ON March 26, 1986 John Walter sounded the famous Swindon Works hooter for the last time – or so he thought.

With the closure of the Works there was no longer any need for the steam-powered ‘alarm clock’ which had marked out the days and shifts for more than a century.

A bell had initially been used, but the idea of replacing it with a hooter was floated as early as 1867. The exact date of its first sounding is lost to history, but it was certainly a feature of life in Swindon and much of the surrounding area by 1868.

Doom for the Works was spelled when British Rail shifted first locomotive production and then other work away from Swindon to its other centres amid pressure to save costs.

Many Works buildings live on, of course, whether as the huge Swindon Designer Outlet, the STEAM museum, housing or the headquarters of various organisations.

The memory of an era which shaped and continues to shape Swindon is also still strong, and remains a source of pride.

Almost 30 years to the day after John Walters sounded the note which ended that era, the 86-year-old was called back into service to sound another.

This time his duty was to herald not an end but a beginning.

Shortly before 1pm on Tuesday, March 22, crowds began to gather at STEAM to hear the blast of a faithful replica of the hooter. It marked the start of Swindon 175, a huge celebration of the GWR Works and its people.

A programme of exhibitions, performances, art events, films and other commemorations is set to run throughout the year.

So far these have included a synchronisation of whistles between STEAM and the Swindon and Cricklade Railway and a Create Studios film called Digital Journeys. Seen by thousands of STEAM visitors, Digital Journeys consists of Swindonians from all over the world telling their stories.

STEAM is also hosting a photographic exhibition called Swindon – Then and Now, with images from the town’s past and present, many taken from identical vantage points.

On Sunday, June 26 at 3pm, St Augustine’s Church in Summers Street will host a public service of thanksgiving attended by the Bishop of Swindon.

Swindon Museum and Art Gallery in Old Town is hosting an exhibition called Swindon in 175 Images. Set to run until mid-July, it features images from Swindon’s art, photographic and postcard collections.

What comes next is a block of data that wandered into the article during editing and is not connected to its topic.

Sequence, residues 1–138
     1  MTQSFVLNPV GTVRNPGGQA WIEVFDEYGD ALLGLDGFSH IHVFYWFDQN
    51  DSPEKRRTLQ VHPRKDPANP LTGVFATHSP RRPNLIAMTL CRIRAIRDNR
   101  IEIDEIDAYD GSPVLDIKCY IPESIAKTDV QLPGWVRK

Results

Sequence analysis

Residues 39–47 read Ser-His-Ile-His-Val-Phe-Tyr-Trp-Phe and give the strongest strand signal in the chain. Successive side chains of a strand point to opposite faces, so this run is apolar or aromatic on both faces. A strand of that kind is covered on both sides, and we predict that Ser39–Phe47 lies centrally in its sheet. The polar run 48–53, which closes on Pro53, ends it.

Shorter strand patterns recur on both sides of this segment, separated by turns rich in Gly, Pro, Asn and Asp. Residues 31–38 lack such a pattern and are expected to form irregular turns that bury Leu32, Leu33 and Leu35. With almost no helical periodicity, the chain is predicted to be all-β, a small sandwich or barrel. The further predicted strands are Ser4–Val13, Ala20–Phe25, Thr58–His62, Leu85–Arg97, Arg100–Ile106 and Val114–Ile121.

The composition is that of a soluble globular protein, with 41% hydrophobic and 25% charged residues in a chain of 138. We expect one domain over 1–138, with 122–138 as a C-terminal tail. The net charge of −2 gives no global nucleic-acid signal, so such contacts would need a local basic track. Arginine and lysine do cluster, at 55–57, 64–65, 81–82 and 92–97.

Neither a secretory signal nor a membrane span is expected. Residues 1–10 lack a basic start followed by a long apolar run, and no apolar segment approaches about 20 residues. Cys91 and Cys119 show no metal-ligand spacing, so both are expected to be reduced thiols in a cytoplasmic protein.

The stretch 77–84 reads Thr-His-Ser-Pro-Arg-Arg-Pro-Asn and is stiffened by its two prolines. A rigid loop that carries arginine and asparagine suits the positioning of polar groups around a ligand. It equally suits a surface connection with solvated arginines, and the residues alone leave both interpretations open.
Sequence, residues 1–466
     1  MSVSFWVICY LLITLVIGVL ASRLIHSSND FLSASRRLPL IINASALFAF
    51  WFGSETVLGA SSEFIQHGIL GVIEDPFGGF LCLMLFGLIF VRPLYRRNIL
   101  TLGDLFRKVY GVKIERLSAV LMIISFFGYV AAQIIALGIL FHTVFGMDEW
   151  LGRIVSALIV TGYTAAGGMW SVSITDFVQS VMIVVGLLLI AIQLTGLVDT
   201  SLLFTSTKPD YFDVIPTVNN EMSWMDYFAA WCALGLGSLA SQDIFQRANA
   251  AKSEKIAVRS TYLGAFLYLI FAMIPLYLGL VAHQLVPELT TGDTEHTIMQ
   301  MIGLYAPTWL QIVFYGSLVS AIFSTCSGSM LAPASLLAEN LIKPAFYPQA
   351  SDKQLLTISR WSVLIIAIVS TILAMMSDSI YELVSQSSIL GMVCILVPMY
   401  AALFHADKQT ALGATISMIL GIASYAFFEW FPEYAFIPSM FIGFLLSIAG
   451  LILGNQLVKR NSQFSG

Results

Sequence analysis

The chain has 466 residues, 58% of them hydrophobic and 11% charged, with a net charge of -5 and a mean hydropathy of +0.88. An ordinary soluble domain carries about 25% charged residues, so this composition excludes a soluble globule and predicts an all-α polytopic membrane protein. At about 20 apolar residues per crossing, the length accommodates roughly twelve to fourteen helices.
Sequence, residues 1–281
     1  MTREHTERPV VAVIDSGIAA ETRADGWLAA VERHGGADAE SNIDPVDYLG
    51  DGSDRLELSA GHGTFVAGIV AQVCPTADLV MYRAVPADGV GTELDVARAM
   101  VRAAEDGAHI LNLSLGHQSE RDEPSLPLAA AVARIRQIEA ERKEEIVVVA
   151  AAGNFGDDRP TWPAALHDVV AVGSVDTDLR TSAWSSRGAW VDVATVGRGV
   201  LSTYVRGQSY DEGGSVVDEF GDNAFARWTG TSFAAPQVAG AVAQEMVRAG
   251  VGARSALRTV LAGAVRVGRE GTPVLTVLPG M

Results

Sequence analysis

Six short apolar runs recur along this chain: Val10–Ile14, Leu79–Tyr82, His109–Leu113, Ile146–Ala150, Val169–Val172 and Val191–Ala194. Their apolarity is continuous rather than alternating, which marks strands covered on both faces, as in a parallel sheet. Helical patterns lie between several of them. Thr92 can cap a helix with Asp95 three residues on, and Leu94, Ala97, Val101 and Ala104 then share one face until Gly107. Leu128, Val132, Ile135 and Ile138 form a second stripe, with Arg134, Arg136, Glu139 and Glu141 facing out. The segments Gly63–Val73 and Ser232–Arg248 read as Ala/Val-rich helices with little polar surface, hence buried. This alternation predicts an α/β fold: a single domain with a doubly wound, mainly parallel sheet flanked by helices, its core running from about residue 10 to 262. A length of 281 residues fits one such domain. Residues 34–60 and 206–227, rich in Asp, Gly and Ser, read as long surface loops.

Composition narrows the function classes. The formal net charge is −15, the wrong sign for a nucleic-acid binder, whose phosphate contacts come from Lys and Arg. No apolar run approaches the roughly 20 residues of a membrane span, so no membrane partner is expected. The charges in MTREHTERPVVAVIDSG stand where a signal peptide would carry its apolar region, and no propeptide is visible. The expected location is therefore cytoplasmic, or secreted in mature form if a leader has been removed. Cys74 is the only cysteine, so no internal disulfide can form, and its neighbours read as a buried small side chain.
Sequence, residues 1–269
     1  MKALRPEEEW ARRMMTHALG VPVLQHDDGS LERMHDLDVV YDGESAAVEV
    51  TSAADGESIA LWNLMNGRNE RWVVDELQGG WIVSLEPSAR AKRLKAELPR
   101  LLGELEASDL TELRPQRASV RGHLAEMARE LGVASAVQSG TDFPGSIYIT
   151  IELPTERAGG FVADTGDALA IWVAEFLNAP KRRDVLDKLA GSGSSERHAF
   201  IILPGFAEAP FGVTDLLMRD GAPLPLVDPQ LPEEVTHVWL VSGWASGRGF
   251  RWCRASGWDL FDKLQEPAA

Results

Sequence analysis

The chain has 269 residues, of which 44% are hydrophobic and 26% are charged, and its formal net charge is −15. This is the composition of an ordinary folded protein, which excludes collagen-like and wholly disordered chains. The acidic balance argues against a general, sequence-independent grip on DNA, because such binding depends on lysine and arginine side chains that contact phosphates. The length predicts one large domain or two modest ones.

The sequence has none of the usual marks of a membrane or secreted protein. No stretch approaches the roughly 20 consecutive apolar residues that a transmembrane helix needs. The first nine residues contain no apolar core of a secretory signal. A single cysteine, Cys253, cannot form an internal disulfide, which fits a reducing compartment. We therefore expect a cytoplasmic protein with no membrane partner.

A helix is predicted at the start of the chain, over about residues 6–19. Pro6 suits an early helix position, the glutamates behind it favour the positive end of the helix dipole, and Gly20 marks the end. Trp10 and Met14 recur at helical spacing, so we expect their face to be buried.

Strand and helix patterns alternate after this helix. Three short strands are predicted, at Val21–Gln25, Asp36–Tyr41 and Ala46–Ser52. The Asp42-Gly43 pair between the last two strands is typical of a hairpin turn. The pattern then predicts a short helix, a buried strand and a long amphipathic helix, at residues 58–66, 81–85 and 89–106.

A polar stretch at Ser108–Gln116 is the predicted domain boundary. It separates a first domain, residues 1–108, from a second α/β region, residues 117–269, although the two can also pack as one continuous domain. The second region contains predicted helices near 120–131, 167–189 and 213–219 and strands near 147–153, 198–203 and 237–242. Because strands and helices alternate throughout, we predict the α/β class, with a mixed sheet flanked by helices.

A Snapshot of Swindon is another photographic event. On June 23 – the 175th day of the year – primary school pupils and college students will be invited to take single photos capturing what Swindon means to them.

The winning pictures will form a unique collection which will be displayed around the town.

The Rodbourne Community History Group is running an ongoing series of history tours of the GWR site, enhanced by the use of pictures, maps and other documents.

Booking is required and can be arranged by calling 01793 616558 or emailing secretary@rodbournehistory.org

The Mechanics Institution Trust, which is working to preserve the iconic building, hosts what is set to be its most ambitious children’s fete on Saturday, July 9 in the GWR Park on Faringdon Road.

The trust has revived the fete, which was for many years a favourite annual fixture of local life. Further details can be found at mechanics-trust.org.uk

Over the same weekend local musical charity The JTPTrust will stage

the one-act Opera 'Brunel: The Little Man in the Tall Hat' at Steam Museum on Saturday July 9 and Sunday July 10.

The JTPTrust are reviving 'Brunel the Little Man in the Tall Hat' which was commissioned by the JTPTrust for the Brunel200 South West Celebrations in 2006 and originally performed at St Marks Church in the railway village.

This revival features 21-year-old William Pearson as IK Brunel himself; William having placed the Boy Brunel in the 2006 production. Community forces include an Adult Choir, the JTPTrust Concert Choir and Juniors, performers from Lydiard Park Academy plus a core family 'The Beddows', all 'Off to St Ives' on the Swindon Trip Train.

The chatter on the 'Trip Train' introduces IK Brunel, Daniel Gooch, George Stephenson, Dr Lardner and other engineers, all brought to life by local adult soloists.

The Swindon 175 theme will extend to this year’s Swindon Railway Festival at STEAM on September 10 and 11, with commemorative exhibitions and displays.

Later, on November 19, Swindon Symphony Orchestra will be at STEAM to give a commemorative concert.

Information about Swindon 175 events can be found at swindon175.com